well in future endeavours. A number of long-term volunteers have moved on to other activities and
Dorset management has actively sought their replacement. Staff and volunteers get together on an
ongoing basis to acknowledge milestones and express appreciation to the strong volunteer base.

Training
The provision of training sessions for staff, volunteers and patrons continues to be of benefit to the
Dorset group and each individual Centre. The aim is to ensure a standardization of skills across the
Cluster. Training occurs on a Centre and/or regional basis.
The resources available at the Scottsdale Centre (10 PC‟s) enable courses to be conducted by third
party organizations such as Adult Education. A Memorandum of Understanding between the Online
Access Centre, Adult Education and the State Library has allowed the premises to become a hub for
Adult Education courses in the Dorset region.
All current Coordinators hold Certificate IV Training & Assessment qualifications.

Professional Development-Coordinators:
Individual coordinators initiate participation in a range of courses to expand their overall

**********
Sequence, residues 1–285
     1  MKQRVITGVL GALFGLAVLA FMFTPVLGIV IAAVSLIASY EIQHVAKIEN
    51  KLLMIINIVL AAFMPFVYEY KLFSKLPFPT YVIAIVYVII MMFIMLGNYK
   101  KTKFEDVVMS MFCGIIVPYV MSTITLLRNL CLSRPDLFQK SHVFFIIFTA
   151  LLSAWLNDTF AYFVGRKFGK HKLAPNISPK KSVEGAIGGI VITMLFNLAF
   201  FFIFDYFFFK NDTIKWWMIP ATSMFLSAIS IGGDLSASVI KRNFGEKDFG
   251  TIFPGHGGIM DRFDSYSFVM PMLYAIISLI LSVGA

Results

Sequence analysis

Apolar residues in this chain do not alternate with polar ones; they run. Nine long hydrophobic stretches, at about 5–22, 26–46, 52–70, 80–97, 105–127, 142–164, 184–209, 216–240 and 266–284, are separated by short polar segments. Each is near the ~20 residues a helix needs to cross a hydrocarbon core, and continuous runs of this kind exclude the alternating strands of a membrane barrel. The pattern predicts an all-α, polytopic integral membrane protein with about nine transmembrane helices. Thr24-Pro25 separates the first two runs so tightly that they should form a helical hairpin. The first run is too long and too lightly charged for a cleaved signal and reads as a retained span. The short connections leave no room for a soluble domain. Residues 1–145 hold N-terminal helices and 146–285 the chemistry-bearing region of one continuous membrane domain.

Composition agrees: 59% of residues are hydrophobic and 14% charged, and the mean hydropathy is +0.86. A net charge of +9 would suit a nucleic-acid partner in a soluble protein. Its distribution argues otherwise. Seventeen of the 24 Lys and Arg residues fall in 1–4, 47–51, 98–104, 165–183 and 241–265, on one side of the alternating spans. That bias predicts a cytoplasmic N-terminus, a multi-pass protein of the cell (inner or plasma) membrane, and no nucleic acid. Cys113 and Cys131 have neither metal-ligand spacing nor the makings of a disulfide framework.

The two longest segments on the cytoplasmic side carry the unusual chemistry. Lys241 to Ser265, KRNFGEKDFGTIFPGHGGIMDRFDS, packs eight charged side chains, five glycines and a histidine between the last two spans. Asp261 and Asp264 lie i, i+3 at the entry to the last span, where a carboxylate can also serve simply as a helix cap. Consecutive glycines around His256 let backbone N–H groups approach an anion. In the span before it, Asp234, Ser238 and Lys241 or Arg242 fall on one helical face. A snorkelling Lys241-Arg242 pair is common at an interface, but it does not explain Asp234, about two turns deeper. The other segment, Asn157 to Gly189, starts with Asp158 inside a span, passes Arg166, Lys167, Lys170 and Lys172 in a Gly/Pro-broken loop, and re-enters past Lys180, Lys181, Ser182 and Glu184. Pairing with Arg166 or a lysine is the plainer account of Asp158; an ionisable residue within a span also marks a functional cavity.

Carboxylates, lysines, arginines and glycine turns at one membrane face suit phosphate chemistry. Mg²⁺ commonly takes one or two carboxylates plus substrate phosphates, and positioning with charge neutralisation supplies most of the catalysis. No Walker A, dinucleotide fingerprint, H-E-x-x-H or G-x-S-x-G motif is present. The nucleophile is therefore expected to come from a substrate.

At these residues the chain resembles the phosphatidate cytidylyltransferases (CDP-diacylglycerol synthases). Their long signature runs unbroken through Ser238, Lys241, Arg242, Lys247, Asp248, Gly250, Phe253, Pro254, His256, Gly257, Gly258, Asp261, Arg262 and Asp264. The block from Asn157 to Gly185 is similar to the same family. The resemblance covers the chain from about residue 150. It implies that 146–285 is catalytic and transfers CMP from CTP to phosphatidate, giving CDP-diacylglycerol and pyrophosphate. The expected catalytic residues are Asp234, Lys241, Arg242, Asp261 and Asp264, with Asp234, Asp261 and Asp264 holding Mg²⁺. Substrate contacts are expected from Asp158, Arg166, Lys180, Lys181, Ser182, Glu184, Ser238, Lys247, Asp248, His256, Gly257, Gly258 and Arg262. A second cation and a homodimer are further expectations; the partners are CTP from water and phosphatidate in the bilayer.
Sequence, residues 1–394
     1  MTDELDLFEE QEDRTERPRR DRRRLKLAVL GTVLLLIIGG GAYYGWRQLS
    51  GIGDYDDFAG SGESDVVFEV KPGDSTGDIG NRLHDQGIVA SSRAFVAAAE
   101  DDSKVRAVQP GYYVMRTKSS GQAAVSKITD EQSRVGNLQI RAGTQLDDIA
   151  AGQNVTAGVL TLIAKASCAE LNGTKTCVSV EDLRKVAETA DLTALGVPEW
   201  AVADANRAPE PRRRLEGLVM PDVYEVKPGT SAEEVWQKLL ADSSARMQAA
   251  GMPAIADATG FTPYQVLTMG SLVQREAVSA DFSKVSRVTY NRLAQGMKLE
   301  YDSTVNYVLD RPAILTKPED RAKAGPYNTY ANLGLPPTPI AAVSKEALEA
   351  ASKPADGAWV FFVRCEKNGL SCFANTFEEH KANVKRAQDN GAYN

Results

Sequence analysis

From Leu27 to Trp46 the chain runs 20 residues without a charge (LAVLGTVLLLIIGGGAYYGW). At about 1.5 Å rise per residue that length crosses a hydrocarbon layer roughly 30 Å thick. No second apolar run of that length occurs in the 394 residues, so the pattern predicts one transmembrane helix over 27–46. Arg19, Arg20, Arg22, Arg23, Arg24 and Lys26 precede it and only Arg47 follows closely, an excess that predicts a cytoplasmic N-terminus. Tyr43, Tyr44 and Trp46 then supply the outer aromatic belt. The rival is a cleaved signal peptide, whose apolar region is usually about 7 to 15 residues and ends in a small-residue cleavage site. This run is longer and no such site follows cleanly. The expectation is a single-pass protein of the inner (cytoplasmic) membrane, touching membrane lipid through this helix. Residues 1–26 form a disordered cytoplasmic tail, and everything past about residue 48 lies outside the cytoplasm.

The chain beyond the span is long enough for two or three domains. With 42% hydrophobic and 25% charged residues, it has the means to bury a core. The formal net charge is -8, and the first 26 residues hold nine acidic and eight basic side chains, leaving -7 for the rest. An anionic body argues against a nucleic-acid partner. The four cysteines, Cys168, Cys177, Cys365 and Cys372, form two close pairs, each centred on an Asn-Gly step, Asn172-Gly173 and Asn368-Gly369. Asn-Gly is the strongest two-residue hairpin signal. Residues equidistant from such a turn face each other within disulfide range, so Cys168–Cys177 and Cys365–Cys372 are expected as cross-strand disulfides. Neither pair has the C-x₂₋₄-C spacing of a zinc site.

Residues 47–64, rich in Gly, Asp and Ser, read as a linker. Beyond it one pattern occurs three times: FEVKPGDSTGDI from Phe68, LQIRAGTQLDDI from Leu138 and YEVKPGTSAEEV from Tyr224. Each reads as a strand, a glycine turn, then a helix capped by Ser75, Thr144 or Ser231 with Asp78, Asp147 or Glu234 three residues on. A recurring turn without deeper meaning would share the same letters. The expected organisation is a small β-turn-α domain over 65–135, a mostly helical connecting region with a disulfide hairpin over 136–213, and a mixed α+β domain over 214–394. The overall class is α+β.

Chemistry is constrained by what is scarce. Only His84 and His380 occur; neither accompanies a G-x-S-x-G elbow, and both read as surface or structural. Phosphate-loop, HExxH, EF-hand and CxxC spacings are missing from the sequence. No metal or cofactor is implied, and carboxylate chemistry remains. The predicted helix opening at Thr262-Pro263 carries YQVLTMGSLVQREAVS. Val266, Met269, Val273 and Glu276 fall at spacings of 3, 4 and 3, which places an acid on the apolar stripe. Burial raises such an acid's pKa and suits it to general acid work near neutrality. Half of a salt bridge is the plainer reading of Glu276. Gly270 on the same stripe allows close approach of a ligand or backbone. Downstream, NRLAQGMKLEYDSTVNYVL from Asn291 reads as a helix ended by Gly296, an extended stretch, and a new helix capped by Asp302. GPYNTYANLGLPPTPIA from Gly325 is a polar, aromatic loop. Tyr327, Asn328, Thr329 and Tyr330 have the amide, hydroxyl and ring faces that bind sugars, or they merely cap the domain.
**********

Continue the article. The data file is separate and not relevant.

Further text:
knowledge.




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Dorset eCentre Inc                    ANNUAL REPORT                                      June 2005


Professional Development activities during the year included the following:
      Attendance at each of the regional cluster meetings.
      Attendance at and organizational support for the Annual TCO Conference at Campbell
       Town.
      Individual Coordinator attendance and participation in Adult Education Classes.
      The Watsonia, Engine Room training and a professional development tool has been
       incorporated into the training regime for volunteers, coordinators and patrons.
      Sharon Sachse is currently studying the Cert 4 – Web design and Administration Course.

Professional Development- Volunteers